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st: xtmelogit convergence issues and log transforming IVs


From   William Hauser <whauseriii@gmail.com>
To   statalist@hsphsun2.harvard.edu
Subject   st: xtmelogit convergence issues and log transforming IVs
Date   Tue, 24 Jan 2012 15:53:36 -0500

Hi all,
I'm working with a dataset consisting of court cases nested within
judges nested within circuit.  The model is specified as 2 levels
(cases<judges) with circuit represented as 19 dummy variables (20
circuits, 1 omitted as reference).  The outcome is dichotomous so I'm
using the xtmelogit command.  Stata is version 12, intercooled.

The problem is that the model simply will not converge unless I
transform two of the predictor variables which are, in their
untransformed form, highly overdispersed.  These variables represent
the number of "points" the offender receives for their present offense
and for their prior record if they have one (more on that shortly).

Problem is, I'm not sure how to interpret the resulting odds ratios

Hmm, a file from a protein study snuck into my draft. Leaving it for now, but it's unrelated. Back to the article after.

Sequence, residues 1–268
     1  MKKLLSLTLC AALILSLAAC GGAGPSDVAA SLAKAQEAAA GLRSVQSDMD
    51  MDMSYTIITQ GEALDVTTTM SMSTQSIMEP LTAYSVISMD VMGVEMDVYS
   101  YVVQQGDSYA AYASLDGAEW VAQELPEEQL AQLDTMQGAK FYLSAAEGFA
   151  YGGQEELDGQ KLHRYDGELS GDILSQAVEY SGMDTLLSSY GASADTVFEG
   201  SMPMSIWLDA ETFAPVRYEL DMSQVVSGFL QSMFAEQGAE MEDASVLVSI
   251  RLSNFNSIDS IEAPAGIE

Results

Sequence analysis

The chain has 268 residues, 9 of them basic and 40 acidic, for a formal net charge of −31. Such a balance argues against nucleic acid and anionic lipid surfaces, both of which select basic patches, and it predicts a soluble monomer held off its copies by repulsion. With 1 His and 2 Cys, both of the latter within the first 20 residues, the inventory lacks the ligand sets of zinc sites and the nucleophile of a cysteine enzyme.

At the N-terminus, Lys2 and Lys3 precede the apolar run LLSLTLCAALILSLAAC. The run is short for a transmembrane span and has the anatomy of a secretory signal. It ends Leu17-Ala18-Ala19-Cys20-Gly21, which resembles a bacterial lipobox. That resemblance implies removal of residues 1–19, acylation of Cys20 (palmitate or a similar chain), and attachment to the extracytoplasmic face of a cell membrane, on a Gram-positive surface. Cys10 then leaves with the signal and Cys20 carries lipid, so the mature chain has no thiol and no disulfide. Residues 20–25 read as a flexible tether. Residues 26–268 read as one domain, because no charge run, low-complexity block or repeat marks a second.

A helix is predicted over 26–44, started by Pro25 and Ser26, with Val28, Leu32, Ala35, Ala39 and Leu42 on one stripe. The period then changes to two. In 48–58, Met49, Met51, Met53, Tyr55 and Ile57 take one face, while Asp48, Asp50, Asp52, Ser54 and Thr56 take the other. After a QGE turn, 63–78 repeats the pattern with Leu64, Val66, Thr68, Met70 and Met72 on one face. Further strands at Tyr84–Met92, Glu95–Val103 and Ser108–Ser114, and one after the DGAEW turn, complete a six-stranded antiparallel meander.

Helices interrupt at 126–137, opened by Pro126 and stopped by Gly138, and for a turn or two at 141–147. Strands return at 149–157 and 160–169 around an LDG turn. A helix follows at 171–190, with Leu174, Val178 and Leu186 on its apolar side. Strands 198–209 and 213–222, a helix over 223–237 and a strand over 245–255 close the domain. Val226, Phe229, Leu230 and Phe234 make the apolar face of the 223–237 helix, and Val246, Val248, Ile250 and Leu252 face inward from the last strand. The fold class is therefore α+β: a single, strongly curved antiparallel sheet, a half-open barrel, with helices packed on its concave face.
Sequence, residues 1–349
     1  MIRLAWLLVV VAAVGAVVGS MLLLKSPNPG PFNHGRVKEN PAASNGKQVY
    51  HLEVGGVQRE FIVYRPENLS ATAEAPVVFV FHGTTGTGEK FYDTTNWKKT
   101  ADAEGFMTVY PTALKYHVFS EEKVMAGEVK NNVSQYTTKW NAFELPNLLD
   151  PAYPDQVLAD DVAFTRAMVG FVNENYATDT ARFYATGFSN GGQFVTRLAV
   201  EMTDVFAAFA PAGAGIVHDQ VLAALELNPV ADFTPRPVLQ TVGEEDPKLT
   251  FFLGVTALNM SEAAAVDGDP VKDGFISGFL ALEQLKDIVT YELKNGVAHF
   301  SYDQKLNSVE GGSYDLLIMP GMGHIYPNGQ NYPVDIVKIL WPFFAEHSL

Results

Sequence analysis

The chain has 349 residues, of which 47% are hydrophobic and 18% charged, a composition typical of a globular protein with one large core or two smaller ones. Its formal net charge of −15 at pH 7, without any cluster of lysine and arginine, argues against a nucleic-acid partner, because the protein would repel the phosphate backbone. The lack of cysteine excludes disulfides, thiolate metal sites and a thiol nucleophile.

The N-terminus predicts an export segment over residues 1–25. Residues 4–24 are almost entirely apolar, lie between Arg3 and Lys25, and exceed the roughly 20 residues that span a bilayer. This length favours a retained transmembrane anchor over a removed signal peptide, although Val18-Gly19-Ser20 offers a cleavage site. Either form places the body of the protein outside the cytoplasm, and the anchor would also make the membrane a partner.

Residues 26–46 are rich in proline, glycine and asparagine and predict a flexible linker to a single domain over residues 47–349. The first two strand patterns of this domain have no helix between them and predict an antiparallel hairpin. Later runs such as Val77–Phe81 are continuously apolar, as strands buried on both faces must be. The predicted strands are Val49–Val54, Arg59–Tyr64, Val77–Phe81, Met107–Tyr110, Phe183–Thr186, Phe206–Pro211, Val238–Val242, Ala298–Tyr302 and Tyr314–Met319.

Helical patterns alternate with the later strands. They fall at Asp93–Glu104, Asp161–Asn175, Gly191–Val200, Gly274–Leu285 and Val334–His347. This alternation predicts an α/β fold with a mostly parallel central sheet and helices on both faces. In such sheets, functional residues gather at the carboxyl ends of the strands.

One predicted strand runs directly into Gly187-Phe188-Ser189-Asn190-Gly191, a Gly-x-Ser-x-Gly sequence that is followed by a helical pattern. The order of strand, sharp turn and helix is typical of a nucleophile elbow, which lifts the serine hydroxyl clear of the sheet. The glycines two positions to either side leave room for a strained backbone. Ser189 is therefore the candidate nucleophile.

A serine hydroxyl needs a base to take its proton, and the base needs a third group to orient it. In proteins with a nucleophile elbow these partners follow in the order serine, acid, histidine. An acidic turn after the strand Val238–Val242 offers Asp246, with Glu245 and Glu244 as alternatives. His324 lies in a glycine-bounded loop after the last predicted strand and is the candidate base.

for the log transformed predictor variables (crime seriousness and
prior record).

Using the natural log, calculated as ln(xvar), I think the coefficient
represents the change in odds for increasing x by a factor of ~2.7
(the value of e).  This would seem to be very unintuitive if correct.
Alternatively, I can use the log to base 1.10 of the x vars,
calculated as ln(xvar)/ln(1.10), which I think might be interpreted as
the odds ratio for a 10% change in x but I'm not at all sure.

So, what is the correct/best transformation for this application and
how do I interpret it?

There is also the vexing issue the log of 0.  For crime seriousness
there are no zeros since everyone committed a crime.  But for prior
record there are those with no prior record.  One solution that seems
to be roundly criticized is the addition of a constant such as .5 or 1
to all cases before logging.  Another solution is to keep the 0's as 0
and create a dummy coded as 1 for all cases with that 0 value (i.e.
those that would've been undefined or ".").  The syntax for the latter
solution looks like this,

gen log_priors=(ln(prior_record)/ln(1.10)
(a bunch of missing values result for all those cases where the
offender has no prior record)
replace log_priors=0 if prior_record==0
gen no_priors=0
replace no_priors=1 if prior_record==0

Anyone know if this is an acceptable solution or if perhaps another
transformation that is amenable to zeros is in order?

Any insight or guidance would be greatly appreciated.

Will Hauser

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